Compulsory Attendance

Compulsory Attendance

At a Glance

State law in California requires each person between 6 and 18 years of age to attend compulsory, full-time education, unless exempted by provisions of the law. This page also explains eligibility for kindergarten and TK.

Eligibility for Kindergarten and Transitional Kindergarten

In order to be eligible to attend kindergarten in the public schools, students must have their fifth birthday by September 1.

Children who turn 5 between September 2 and December 2 have an option of attending Transitional Kindergarten (TK) programs offered in each district in the County.  Districts have flexibility in the way they implement the TK program.  They can run individual TK classes in schools, have split kindergarten/TK classes with age-appropriate instruction for the younger students, or they can offer TK at just a few schools (as long as the programs are open to all students in the district whose parents want to enroll them).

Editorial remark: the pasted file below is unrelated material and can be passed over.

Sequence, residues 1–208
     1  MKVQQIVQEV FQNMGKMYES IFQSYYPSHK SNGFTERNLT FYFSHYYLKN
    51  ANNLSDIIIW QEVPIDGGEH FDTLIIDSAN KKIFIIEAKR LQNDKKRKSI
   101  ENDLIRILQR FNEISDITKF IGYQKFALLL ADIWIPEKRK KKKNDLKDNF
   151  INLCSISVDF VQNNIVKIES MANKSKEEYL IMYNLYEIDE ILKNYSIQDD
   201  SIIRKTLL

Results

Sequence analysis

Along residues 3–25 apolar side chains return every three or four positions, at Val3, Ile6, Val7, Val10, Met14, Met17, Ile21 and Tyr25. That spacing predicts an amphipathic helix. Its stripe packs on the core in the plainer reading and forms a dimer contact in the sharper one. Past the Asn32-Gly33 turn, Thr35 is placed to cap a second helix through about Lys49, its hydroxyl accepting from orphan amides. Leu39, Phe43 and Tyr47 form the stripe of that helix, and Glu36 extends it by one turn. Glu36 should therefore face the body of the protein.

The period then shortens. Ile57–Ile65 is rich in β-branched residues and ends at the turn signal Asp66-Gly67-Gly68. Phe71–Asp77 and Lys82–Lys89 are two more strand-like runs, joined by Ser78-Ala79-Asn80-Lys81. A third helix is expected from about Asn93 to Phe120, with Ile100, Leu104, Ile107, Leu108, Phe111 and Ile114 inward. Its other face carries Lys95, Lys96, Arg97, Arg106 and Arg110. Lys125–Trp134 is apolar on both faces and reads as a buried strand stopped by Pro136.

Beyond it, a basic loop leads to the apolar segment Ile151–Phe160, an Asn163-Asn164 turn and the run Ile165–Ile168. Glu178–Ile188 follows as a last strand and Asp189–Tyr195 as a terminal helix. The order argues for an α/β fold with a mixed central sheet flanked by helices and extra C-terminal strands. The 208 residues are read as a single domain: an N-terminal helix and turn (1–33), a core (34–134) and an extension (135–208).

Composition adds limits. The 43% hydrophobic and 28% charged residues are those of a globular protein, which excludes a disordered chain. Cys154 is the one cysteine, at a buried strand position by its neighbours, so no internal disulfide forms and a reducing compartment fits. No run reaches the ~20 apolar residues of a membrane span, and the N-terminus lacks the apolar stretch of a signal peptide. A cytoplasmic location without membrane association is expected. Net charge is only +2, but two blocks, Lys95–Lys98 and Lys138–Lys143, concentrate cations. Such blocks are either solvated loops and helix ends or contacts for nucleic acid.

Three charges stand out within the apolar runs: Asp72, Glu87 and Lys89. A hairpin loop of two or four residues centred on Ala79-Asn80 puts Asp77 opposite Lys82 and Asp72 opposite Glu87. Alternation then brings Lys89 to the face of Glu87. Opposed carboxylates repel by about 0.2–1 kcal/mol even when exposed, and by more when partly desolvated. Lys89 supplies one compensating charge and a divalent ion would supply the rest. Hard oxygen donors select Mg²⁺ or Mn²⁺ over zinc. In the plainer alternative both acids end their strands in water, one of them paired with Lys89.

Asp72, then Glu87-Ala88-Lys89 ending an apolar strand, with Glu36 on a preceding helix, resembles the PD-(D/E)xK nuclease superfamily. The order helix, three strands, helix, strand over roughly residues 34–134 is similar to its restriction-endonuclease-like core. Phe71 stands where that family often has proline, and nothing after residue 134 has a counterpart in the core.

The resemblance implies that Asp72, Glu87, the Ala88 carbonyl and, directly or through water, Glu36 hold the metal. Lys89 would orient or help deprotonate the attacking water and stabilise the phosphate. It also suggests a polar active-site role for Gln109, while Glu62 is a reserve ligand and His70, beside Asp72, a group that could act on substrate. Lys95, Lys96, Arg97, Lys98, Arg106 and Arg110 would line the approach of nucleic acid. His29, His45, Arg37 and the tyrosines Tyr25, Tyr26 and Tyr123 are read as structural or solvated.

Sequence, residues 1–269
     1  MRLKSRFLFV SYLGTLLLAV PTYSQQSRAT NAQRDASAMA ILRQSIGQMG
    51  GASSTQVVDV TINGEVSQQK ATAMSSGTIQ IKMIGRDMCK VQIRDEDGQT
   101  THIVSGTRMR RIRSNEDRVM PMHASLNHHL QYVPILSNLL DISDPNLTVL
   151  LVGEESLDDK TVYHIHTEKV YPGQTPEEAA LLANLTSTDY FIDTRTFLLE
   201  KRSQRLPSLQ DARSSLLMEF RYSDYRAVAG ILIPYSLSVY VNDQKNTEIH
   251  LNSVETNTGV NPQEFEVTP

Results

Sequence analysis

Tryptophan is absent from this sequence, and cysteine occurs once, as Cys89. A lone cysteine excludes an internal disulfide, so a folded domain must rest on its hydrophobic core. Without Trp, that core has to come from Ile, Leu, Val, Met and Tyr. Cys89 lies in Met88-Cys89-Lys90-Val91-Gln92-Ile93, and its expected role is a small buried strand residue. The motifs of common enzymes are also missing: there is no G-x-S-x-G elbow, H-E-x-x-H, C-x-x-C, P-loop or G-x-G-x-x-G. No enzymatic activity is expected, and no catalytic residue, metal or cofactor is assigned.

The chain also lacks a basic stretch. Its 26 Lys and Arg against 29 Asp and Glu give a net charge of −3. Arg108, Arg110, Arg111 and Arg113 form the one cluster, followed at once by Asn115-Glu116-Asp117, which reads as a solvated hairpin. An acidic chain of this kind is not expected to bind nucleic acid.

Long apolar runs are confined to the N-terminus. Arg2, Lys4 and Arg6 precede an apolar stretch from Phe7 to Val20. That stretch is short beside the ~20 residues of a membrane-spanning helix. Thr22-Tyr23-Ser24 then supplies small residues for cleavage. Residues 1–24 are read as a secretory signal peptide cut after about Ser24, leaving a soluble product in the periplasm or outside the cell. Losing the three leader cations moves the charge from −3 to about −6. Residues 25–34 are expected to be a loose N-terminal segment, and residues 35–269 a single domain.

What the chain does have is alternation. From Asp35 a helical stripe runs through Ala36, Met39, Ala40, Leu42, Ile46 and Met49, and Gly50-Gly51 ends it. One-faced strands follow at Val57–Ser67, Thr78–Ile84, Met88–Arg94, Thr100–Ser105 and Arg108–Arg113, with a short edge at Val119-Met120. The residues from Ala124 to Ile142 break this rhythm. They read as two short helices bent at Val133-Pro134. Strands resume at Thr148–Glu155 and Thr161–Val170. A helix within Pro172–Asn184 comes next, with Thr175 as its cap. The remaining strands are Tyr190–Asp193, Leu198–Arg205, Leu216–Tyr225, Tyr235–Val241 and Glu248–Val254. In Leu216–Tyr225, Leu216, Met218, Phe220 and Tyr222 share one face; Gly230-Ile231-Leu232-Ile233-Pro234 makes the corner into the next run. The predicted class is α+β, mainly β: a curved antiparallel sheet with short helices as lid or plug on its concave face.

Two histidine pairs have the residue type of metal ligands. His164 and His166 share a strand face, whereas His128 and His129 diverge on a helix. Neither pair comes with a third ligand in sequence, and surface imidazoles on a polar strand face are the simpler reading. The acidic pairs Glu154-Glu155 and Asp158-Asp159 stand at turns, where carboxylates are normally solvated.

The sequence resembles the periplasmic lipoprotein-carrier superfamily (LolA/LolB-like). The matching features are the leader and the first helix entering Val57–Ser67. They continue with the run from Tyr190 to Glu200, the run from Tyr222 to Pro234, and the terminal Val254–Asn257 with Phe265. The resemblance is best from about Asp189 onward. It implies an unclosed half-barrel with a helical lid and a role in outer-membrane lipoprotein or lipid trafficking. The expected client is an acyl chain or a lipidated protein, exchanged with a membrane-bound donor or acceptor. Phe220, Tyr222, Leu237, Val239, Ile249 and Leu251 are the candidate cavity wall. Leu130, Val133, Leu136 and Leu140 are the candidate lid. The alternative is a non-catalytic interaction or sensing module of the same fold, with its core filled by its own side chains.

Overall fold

Attendance in these programs is not compulsory.

Sixteen – Eighteen Year Olds

Students between the ages of 16 and 18 may attend a continuation school on a part-time basis.  Other students under the age of 18 who are exempt from full-time attendance include high school graduates, students who have met proficiency standards or the high school equivalency criteria, participants in Regional Occupational Programs, and others exempted because of certain circumstances.

Truancy

Students who have more than three unexcused absences or who are late by more than 30 minutes on each of more than three days are considered truant.  School districts are required to notify the parents of these students that they must compel their children to attend school, and to inform parents about available assistance and alternative programs.

Students who are truant three or more times can be declared “habitual truants”.  Habitual truants may be referred to School Attendance Review Boards or to the District Attorney or Probation Department.  Parents of truants may also be subject to prosecution and fines, if found guilty.

Photo Via Flickr